Sunday, 17 July 2016



Will is returning to his old home for the first time since the separation with his wife. She's got a new boyfriend and Will had also moved on. It is weird for him to enter the house that holds so many memories - some of them good, some of them terrifying. As evening unravels Will cannot shake off the feeling that something is very wrong. But is it his imagination or his ex wife and her new man have a sinister plan in place?

Think about it. When you visit someone's home, come for dinner, you put yourself at the mercy of your hosts, physically and emotionally. Playing on the fears of this vulnerability THE INVITATION effectively turns the safe environment of the old friends' gathering on it's head. The warning signs come in flashes and some bizarre behaviour of the guests. Although it is somehow hard to separate Will's imagination from what's real, the tension is just building up until the explosion of somehow expected, but nonetheless terrifying finale.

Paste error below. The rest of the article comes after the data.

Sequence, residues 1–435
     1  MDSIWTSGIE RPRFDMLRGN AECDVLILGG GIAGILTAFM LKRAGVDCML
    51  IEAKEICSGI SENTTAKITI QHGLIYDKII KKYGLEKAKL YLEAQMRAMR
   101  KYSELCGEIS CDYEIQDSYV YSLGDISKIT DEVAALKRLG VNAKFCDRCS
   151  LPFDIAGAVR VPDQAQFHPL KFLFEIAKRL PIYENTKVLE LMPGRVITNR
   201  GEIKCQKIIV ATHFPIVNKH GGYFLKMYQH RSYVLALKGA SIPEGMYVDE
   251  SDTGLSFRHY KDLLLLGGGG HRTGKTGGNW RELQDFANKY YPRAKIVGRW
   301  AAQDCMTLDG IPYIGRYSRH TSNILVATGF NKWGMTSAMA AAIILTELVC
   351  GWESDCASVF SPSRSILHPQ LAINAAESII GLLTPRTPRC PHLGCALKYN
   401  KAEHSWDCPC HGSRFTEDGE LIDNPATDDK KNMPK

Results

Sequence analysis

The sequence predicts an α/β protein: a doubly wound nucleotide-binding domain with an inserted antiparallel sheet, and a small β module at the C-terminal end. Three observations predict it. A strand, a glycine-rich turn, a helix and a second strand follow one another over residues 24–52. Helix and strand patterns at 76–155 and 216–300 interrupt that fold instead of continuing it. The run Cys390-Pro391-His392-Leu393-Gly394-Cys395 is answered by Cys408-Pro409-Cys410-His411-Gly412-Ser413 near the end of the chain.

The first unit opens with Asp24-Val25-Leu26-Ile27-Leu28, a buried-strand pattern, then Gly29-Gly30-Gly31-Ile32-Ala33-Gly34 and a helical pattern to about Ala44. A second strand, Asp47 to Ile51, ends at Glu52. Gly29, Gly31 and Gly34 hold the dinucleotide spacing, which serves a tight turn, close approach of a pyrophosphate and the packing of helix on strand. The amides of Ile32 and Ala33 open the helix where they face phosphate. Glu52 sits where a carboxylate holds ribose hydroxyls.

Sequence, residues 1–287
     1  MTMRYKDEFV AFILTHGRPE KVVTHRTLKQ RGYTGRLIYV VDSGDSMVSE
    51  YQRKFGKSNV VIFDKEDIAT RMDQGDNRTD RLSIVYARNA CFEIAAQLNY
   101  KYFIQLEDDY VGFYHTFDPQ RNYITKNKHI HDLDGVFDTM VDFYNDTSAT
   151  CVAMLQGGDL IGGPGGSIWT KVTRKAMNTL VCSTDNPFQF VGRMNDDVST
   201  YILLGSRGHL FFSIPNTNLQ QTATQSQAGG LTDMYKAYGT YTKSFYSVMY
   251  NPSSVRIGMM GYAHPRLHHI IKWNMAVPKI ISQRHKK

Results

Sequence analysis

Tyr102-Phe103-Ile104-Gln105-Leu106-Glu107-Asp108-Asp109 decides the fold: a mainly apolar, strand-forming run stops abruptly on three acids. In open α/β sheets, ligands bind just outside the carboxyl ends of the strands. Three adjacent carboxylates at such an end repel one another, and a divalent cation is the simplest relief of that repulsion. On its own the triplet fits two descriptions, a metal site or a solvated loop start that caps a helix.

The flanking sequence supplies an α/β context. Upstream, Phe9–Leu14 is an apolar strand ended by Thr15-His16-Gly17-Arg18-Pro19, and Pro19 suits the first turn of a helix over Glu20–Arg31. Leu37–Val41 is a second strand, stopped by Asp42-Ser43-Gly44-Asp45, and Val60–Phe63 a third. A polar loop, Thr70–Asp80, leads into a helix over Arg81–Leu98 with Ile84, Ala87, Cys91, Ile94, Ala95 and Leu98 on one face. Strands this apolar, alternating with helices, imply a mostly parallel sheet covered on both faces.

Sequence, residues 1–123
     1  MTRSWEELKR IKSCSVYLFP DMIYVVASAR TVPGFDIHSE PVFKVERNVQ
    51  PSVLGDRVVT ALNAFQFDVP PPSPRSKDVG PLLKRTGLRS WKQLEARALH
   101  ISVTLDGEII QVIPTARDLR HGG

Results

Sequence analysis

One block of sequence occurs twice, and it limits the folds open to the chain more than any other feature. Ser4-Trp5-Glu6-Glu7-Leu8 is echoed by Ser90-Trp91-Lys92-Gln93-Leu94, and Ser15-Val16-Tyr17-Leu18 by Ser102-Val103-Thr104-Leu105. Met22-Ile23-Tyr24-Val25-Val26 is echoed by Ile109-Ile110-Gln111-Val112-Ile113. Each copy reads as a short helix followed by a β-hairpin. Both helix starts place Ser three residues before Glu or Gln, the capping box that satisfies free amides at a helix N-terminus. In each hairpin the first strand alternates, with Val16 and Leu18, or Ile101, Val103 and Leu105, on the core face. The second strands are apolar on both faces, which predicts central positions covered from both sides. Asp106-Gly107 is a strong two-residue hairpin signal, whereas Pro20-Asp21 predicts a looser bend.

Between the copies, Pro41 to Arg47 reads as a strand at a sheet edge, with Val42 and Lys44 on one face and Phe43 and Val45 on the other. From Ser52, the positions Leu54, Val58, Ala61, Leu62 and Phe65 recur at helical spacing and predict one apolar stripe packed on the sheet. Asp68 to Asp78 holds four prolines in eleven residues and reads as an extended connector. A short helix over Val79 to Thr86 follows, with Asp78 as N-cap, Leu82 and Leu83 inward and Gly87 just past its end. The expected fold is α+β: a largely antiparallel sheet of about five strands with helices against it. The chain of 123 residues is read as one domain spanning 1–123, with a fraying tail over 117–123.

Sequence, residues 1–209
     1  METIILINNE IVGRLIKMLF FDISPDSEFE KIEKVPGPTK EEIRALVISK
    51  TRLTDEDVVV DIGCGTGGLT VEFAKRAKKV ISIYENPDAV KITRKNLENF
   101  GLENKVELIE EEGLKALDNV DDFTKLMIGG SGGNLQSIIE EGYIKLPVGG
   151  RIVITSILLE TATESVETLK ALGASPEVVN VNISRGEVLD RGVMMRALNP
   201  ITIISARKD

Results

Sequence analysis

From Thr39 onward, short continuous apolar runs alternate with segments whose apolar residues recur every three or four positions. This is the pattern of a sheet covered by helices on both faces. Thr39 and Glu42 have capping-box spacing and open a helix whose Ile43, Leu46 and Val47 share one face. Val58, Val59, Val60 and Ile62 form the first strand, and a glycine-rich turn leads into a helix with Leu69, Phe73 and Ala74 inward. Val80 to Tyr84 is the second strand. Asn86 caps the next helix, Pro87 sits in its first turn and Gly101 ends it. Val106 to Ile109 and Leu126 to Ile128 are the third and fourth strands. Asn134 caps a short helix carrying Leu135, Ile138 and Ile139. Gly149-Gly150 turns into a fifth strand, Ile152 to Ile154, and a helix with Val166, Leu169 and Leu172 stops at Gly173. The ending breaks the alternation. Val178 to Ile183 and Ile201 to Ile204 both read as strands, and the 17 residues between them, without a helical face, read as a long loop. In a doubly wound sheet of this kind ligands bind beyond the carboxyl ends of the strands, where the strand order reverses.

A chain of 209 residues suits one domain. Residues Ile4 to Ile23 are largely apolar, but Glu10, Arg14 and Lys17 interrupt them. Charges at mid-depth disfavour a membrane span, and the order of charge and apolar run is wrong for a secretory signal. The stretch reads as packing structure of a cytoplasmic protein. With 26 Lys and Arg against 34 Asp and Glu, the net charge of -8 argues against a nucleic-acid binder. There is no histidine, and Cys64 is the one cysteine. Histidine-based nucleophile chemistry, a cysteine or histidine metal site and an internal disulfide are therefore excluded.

THE INVITATION is all about the camera work, the soundtrack and the atmosphere. The director Karyn Kusama has an uneven filmography, that includes Sci-Fi action  Aoen Flux and a social parody horror Jennifer's Body. Here, dealing with a much smaller budget, she thrives in this claustrophobic thriller, which suits best her talent as a filmmaker. The composer Theodore Shapiro, who has written music for many comedies, delivers a minimalistic soundtrack highlighting the characters and the tensions. It is more melancholic than creepy, keeping us in suspense, making us guess whether we are watching a straightforward thriller or a family drama.

I started THE INVITATION with high expectations and I had not been let down. The ending was somehow predictable, but it only makes the experience scarier, thinking I was in denial for an hour and a half just like the guests were. Violent and effective, THE INVITATION is a genuinely unsettling film that one will not soon forget.

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